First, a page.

So you are starting to grasp the concept of carbon footprints and they come up with another – the water footprint! In January this was the subject of our discussion group which you can find more about at Events on www.birminghamfoe.org.uk.
So what are water footprints all about? They tells us consumers the amount of precious H2O that has been used in the manufacture of food and consumer products. As with carbon footprints, a “virtual water” figure will indicate the extent to which a particular product has cost the earth.
140 litres for coffee,
30 litres for tea
75 litres for 250 ml (half pint) of beer
Beef 15,500 litres of water, includes water drunk, general upkeep and water used to produce grain.
Goat meat 4,000 litres
Chicken comes in at 3,900
Rice is about 3,400 litres
Wheat 1,300 litres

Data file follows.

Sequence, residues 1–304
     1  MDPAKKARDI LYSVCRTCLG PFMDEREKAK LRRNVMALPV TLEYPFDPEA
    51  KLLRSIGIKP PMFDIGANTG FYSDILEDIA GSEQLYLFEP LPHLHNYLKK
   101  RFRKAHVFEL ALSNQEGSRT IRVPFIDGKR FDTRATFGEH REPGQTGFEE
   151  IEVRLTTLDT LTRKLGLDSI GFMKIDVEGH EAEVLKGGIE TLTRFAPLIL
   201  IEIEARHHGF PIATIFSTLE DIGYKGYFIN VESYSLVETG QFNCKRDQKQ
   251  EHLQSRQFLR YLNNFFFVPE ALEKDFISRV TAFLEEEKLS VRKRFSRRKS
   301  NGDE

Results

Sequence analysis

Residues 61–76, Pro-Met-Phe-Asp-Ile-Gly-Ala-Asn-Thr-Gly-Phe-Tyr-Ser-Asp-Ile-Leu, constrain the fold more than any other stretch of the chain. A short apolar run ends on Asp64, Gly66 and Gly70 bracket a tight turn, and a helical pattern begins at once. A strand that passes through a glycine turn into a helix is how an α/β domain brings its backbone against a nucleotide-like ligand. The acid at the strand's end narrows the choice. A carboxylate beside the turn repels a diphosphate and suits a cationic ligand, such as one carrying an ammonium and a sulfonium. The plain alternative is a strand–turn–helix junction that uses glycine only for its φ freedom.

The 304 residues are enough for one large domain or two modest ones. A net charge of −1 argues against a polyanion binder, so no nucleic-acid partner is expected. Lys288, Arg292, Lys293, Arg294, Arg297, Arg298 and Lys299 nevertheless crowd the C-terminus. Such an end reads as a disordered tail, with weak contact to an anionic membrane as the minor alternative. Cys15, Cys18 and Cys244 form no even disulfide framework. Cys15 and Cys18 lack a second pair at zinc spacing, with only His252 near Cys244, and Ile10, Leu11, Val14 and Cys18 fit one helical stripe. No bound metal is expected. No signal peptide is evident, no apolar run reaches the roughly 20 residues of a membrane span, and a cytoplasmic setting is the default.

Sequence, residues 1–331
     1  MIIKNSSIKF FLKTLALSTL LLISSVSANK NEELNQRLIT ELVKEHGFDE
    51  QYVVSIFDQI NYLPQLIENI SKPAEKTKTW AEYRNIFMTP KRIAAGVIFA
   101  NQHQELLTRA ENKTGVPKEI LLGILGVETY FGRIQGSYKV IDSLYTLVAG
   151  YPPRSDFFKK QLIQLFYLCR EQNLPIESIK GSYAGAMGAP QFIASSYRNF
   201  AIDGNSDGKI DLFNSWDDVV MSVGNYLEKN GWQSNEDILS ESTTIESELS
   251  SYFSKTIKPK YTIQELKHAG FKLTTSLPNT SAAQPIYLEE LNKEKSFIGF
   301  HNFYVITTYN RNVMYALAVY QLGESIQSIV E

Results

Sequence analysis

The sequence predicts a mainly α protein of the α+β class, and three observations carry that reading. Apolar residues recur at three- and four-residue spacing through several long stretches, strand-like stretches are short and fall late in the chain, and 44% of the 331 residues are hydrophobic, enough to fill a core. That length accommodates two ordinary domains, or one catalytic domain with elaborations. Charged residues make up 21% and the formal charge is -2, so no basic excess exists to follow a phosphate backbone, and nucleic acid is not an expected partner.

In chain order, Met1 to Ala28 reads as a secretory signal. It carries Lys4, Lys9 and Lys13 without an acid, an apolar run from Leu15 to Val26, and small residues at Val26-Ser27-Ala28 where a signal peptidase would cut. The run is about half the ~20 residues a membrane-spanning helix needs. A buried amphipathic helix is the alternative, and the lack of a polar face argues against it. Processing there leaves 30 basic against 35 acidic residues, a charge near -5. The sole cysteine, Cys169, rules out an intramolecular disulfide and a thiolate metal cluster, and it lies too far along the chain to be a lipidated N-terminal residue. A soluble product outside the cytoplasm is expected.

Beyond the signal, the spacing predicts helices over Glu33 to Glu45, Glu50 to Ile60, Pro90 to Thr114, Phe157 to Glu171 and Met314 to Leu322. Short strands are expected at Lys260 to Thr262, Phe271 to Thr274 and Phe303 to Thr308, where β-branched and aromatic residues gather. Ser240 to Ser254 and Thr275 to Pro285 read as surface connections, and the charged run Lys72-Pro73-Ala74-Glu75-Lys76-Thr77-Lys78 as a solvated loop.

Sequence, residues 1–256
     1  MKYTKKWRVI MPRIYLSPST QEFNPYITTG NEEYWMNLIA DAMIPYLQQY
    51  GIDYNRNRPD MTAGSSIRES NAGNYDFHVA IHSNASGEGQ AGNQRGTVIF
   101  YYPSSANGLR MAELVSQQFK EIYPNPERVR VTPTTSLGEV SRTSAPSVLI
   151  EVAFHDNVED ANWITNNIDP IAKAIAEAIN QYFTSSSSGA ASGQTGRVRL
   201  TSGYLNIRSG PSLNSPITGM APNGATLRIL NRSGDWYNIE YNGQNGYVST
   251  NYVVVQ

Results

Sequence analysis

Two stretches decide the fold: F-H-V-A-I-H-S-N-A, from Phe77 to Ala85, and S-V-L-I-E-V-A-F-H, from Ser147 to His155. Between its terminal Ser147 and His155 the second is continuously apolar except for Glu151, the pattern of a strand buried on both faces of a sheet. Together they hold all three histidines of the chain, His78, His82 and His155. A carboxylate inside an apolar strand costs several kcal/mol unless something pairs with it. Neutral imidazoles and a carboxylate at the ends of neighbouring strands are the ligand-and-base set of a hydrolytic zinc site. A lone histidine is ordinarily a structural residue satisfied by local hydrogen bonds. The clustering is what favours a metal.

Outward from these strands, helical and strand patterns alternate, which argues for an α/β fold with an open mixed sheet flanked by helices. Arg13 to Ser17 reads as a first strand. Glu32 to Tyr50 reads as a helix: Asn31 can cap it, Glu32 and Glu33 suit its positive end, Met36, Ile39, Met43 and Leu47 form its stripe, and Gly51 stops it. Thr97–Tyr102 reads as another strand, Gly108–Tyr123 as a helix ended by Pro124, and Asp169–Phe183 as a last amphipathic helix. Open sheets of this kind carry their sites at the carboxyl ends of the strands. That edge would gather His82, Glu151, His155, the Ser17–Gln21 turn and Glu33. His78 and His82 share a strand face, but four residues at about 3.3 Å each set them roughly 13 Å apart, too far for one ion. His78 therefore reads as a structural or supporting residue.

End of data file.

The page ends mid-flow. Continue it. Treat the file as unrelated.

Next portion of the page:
Quoted from www.waterfootprint.org
And it doesn’t stop there; there are items like cotton that are really water intensive. To produce 1 kg of cotton it takes 11,000 litres, which works out at about 2,700 litres for 1 cotton shirt. This includes irrigation water (including evaporated water) and processing. Water use for cotton production has major impacts on the environment. Particularly intensive irrigation schemes can have disastrous effects, such as the desiccation of the Aral Sea in Uzbekistan.
The Aral Sea was once the world’s forth largest body of inland water, but it has shrunk to just 15% of its former volume. Its salinity has risen by almost 600% and so all native fish have gone. This is closely linked to Uzbekistan’s cotton irrigation systems which draw water from the region’s two major rivers. Together these giant waterways once carried more water than the Nile. However, with water being drawn off for cotton production, the volume of the water now reaching the Aral Sea has declined substantially. And there are many more examples of the demand put on water systems, which are creating havoc in ecosystems.
Experts are now talking of fresh water as “the new oil”, a finite resource that is running out in some areas, so people really need to start thinking about their water footprint to help water security around the world. Find out more at www.waterfootprint.org.